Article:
Social justice dilemmas are situations in which collective interests are at odds with private interests. Such situations arise when faced with prioritizing either short-term selfish interests or the long-term interests of a group, organization, or society. Many of the most challenging issues, from the interpersonal to the intergroup, are at their core social dilemmas. Conflicts arise when motives concerning the group are overcome by individual motives or vice versa. When this happens in a perfect world, Governments ought to intervene and restore the balance of interest, but is it happening?
Speaker: Thomas King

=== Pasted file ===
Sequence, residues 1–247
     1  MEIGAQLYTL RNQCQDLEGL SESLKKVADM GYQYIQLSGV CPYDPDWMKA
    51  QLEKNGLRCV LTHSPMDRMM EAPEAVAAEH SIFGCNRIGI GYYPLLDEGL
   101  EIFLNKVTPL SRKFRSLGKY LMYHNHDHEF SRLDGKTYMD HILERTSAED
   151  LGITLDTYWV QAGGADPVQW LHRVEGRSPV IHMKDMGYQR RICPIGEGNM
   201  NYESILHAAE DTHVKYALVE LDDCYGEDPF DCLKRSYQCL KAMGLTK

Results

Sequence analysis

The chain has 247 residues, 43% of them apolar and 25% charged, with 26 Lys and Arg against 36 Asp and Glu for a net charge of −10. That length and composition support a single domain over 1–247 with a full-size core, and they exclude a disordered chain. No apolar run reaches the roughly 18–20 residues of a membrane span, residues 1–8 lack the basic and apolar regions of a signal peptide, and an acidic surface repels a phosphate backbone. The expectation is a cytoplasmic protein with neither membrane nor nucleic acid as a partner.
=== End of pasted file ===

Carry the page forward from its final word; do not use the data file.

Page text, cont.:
Thomas King is a noted novelist, broadcaster, and academic. Some of his most praised works are Medicine River; Green Grass, Running Water; The Truth about Stories; and recently The Inconvenient Indian: A Curious Account of Native People in North America. King became a member of the Order of Canada in 2004, and was awarded the RBC Taylor Prize and the British Columbia National non-fiction award both in 2014.
King taught Native American Studies at the University of Lethbridge in the early 1980s. King also served as a faculty member of the University of Minnesota’s American Indian Studies Department, and has recently retired from his post as an English professor at the University of Guelph
Moderator: Martin Heavy Head
Date: Monday, October 20, 2014
Time: 1:00 – 2:00 pm Location: Room TH204, Turcotte Hall, University of Lethbridge
Free event, everyone welcome